NEW ORLEANS (AP) — Friday's acquittal of a former high-ranking BP executive charged with lying to investigators looking into the 2010 Gulf of Mexico oil spill marked the latest setback for federal prosecutors pursuing criminal charges in the disaster.
A federal jury took about two hours to find David Rainey not guilty of making false statements. Days before, U.S. District Judge Kurt Engelhardt had tossed out a related charge that Rainey obstructed a congressional investigation of the spill. Engelhardt told jurors before discharging them Friday that he agreed with their verdict.
Rainey's acquittal came days after prosecutors asked a federal appeals court to reinstate the conviction of a former BP engineer, Kurt Mix.
Mix, in 2013, had been acquitted on one criminal count but convicted on a charge that he knowingly deleted text messages about the spill. However, that victory for prosecutors was tossed out by a judge who said the verdict was tainted by a jury forewoman's remark — to an apparently deadlocked panel — about something she had heard outside the courtroom.
The appeals court decision in the Mix case is pending.
As for Rainey, he had been tasked, in the days after the Deepwater Horizon explosion, with calculating the amount of oil gushing into the gulf.
Prosecutors said he manipulated his calculations to match a far-too-low government estimate of the flow rate. He was charged with lying about having done so during an interview with federal investigators almost a year later.
"We respect the jury's verdict," said Leo Tsao, a prosecutor with a federal Deepwater Horizon task force.
Environmental lawyer David Uhlmann said the government faced tough odds in the oil spill case.
"Today's verdict demonstrates how difficult it is to prosecute individuals when the primary culprit is a corporate culture run amok," Uhlmann, a University of Michigan law professor and former chief of the Justice Department's environmental crimes section, said in an email.
"In its case against David Rainey, the Justice Department also faced a significant evidentiary hurdle, which is that no one knows how much oil gushed into the Gulf of Mexico during the Gulf oil spill," Uhlmann added.
Indeed, Rainey's attorneys built much of their defense on the inability of anyone, in the early days of the spill, to figure out how much oil was flowing. And, they argued, an estimate was largely irrelevant because an all-out effort was being made to cap the well, regardless of how much was spewing.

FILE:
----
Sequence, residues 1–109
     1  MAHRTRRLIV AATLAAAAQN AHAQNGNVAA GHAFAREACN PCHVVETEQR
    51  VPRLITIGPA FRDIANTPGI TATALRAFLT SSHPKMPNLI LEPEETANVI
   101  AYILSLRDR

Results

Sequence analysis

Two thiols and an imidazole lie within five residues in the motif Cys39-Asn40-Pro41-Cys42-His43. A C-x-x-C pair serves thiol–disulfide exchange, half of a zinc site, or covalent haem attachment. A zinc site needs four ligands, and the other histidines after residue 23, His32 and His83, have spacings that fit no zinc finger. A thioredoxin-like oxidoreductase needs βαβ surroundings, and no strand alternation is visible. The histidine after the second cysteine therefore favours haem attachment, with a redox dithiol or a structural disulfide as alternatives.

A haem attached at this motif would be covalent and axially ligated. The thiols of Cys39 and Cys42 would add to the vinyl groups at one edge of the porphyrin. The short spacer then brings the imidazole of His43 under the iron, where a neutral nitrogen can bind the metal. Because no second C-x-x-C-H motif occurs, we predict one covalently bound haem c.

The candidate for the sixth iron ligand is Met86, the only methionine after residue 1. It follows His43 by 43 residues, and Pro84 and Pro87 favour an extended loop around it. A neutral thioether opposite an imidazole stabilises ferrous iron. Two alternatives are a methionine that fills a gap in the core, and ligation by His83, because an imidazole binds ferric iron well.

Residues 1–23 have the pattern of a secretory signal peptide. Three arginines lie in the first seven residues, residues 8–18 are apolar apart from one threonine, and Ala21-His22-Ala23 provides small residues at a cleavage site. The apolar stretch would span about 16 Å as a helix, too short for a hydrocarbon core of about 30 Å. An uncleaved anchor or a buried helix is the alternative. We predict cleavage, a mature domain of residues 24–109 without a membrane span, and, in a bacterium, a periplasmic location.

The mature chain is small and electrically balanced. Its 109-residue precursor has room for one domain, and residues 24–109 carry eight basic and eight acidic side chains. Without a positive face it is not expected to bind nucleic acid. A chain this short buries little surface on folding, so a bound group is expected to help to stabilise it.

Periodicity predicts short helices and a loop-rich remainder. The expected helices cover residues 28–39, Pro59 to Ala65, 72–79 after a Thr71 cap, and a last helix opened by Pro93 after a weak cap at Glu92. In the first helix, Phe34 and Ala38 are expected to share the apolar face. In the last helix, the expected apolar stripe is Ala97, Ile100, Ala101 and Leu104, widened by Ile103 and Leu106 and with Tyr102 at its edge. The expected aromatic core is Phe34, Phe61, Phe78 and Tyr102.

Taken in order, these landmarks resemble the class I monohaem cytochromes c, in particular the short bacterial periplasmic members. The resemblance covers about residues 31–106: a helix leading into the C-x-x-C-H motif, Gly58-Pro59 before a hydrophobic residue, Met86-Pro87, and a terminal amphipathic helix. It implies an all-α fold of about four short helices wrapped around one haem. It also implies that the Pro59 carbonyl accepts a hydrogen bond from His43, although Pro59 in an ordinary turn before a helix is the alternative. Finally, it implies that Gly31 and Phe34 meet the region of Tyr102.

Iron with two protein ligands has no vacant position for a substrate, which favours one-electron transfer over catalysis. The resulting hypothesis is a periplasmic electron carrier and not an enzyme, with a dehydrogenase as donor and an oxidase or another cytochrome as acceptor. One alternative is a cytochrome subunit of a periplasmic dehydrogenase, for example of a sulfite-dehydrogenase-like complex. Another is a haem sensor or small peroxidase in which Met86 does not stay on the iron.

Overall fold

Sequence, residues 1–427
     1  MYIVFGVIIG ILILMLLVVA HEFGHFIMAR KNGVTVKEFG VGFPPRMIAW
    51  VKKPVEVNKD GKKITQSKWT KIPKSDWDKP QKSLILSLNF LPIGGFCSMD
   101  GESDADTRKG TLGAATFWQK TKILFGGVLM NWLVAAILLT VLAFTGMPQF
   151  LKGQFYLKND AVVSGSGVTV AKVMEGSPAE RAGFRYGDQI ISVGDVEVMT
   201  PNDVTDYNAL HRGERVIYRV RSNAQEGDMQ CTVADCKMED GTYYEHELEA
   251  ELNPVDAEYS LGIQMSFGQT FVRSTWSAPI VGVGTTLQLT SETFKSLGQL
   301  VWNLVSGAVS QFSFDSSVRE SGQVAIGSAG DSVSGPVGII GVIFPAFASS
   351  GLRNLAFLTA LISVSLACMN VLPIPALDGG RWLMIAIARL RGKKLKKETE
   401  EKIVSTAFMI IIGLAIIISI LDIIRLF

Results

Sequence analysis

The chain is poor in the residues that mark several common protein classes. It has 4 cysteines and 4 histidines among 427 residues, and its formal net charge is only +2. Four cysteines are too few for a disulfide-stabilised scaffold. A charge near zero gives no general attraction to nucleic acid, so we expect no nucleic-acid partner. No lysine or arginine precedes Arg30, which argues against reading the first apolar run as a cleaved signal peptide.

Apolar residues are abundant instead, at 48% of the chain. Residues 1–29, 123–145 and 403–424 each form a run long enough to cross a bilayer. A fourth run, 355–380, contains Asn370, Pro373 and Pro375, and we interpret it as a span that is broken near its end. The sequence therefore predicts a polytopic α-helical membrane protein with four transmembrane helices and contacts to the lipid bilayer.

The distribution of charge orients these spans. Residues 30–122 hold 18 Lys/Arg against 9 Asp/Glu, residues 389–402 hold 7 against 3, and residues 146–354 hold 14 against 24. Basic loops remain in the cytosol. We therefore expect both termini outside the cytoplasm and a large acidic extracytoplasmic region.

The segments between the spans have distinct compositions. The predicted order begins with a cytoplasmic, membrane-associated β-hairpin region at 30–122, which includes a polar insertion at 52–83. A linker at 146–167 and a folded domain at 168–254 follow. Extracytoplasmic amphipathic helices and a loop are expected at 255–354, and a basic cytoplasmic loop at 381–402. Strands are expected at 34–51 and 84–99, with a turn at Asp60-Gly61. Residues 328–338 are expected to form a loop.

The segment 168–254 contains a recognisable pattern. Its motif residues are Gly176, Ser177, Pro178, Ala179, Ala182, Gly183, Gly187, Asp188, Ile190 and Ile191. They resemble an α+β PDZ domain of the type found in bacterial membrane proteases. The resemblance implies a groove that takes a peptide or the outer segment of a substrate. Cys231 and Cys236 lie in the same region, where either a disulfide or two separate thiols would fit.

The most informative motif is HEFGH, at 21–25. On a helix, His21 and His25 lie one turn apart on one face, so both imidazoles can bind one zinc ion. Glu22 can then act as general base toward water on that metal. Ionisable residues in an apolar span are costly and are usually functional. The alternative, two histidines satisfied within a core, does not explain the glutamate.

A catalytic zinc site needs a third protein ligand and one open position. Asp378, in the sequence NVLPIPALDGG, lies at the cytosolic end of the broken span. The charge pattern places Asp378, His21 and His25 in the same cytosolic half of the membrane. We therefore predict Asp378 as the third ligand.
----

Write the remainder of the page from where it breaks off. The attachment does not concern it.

"It was a fool's errand," defense lawyer Reid Weingarten said of Rainey's task. "It was demanded by politicians and the press. And he reluctantly took up the cudgel and came up with his best response."
BP declined comment Friday. Rainey, whose defense was paid for by his former employer, smiled but declined to talk to reporters as he walked briskly out of the courtroom to hug family members.
The government has had some successes. In November of 2012, federal authorities and the oil giant announced a settlement of criminal cases arising from the explosion, the resulting deaths of 11 rig workers, and the aftermath. The corporation agreed to plead guilty to charges including 11 felony counts of misconduct or neglect of a vessel's officers, one felony count of obstruction of Congress, and one misdemeanor count each under the Migratory Bird Treaty Act and the Clean Water Act. Penalties totaled $4.5 billion.
Trial is pending for BP well-site leaders Robert Kaluza and Donald Vidrine, who have pleaded not guilty to manslaughter charges stemming from the 11 deaths. They are charged with repeatedly disregarding abnormal high-pressure readings that should have been glaring indications of trouble just before the blowout.
The Deepwater Horizon explosion resulted in the nation's worst offshore oil spill — an 87-day underwater gusher. A federal judge overseeing civil litigation in the case acknowledged this year that estimates of how much oil was released vary widely, but he settled on a figure of about 3.19 million barrels — a rate of more than 36,000 barrels per day.
Various early estimates were much lower. Rainey's trial focused on an early National Oceanic and Atmospheric Administration estimate, days after the spill began, of about 5,000 barrels a day, and whether Rainey had "backed into" his own calculations to match that estimate.
Associated Press Writer Rebecca Santana contributed to this report.